So as we write, as we compose, as we stretch for beauty and find it fleeting, ever outside our grasp, ever abstract, it must always be with the remembrance that it is our very finitude in contrast with the infinite expanse of He who is truly real.

Beauty cannot be summarized. It cannot be pinned down. It cannot be reduced, understood in its entirety, categorized, or bottled for future use. It is. Because beauty is a part, one corner of that multifaceted gem, of the glory of God.

And so, like our faith, writing and composing, in their effort to set before the mind's eye a conception of the transcendent, are at times of necessity hard work. If it is so in our pursuit of holiness, in our pursuit of a true and deep knowledge of God, why ought we expect it to be otherwise in our attempts to reflect one aspect of His nature?

And in this sense, physics, writing, and music are all the same: for all are, ultimately, attempts to grasp at emanations from the Ultimate. Order. Transcendence. Beauty. All combining. Words without order are meaningless; notes without structure are cacophony: simply tones. Physical equations absent transcendence are, in their final form, a sum that yields only a crisis of meaninglessness.

When Bach signed his manuscripts soli Deo gloria ("to God alone be the glory"), he was signing works that were transcendent struggles, unmatched splendor born of sweat and perseverance. Sometimes true beauty is born not of inspiration but of dedication. There are moments of inspiration: but it is a dedication in the moments absent inspiration that allows those moments of unparalleled insight to flourish, to blossom, to grow beyond a mere flash of light into a beacon that illuminates a small measure of Truth to the mind's eye.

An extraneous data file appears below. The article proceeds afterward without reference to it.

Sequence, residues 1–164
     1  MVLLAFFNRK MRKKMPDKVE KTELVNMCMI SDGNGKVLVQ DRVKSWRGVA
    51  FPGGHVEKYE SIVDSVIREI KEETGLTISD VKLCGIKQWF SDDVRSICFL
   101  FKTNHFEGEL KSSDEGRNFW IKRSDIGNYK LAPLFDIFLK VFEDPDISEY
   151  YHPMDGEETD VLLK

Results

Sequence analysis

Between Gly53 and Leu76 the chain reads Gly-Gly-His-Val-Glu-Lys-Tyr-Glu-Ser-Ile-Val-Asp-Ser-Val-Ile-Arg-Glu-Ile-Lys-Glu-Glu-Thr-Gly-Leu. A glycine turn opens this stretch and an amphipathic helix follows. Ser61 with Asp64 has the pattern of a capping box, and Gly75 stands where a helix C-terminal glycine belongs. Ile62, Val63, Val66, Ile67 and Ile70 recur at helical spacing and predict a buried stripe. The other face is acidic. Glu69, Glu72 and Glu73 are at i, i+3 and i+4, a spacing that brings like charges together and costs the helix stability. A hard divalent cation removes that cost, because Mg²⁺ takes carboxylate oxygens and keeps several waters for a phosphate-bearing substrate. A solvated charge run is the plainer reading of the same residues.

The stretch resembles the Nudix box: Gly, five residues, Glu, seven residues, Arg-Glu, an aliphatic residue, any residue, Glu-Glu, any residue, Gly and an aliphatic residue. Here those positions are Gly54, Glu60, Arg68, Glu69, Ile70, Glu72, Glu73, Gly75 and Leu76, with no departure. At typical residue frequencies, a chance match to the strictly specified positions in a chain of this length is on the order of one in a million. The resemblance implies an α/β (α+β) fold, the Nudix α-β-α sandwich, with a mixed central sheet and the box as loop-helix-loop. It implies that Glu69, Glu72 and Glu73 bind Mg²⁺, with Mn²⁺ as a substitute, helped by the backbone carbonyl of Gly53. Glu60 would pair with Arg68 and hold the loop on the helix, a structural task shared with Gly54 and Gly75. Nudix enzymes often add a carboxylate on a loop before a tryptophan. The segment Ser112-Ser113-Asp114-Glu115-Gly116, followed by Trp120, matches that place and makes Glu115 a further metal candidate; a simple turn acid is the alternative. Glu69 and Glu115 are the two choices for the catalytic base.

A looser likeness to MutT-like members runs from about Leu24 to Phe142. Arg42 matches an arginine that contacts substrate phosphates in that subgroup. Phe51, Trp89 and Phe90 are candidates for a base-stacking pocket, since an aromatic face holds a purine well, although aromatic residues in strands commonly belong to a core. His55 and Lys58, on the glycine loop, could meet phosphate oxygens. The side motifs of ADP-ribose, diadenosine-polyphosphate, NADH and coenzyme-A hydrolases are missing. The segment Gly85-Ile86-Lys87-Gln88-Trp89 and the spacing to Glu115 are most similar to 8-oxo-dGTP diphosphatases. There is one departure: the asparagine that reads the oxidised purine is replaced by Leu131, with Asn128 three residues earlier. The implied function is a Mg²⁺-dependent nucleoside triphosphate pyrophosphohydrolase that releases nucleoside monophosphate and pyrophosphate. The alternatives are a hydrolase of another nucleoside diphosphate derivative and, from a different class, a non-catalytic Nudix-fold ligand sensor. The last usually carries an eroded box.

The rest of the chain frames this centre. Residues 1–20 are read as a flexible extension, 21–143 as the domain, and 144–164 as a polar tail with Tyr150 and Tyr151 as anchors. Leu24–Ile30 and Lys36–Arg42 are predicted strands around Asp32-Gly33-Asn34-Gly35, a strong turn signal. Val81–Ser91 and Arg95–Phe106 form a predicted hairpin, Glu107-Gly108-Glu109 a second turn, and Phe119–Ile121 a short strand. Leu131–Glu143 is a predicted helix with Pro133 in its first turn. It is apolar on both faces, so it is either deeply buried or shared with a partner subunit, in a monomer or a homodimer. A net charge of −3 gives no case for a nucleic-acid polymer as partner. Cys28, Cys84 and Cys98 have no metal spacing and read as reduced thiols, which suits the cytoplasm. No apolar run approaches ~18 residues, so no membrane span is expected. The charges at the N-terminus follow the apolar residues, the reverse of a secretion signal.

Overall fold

We, in our culture of instant gratification, have not remembered how rewards follow work; nor have we understood how the natural consequence of laziness is destruction. And in all of this, we have lost beauty: not because it is not there to be discovered or created, but because it is elusive, and discovering it, like discovering any of the other deep things of God, requires us to toil and strive.

But more, it requires us to let go our own straining, our own wisdom, our own understanding, and realize that we are fallen and blinded beings who could not have seen the sum in perfection, and certainly cannot now in this downcast state.

We must understand that writing, composing, and physics are all opportunities to worship; and we must revel in glorifying God no matter what we do. We must come to our knees and surrender our own thirst for recognition and accolades, choosing instead to surrender our every attempt to the all-consuming fire of the glory of God and the supremacy of Christ.

We must seek to make the Real become real in the understanding of those around us. And for that, we are insufficient. The Spirit of God, however, is more than sufficient: He is indeed the Light that illuminates the world. And when He is controlling us, then we are indeed servants of the secret fire, bearers of Truth: honored witnesses to Beauty.

- Chris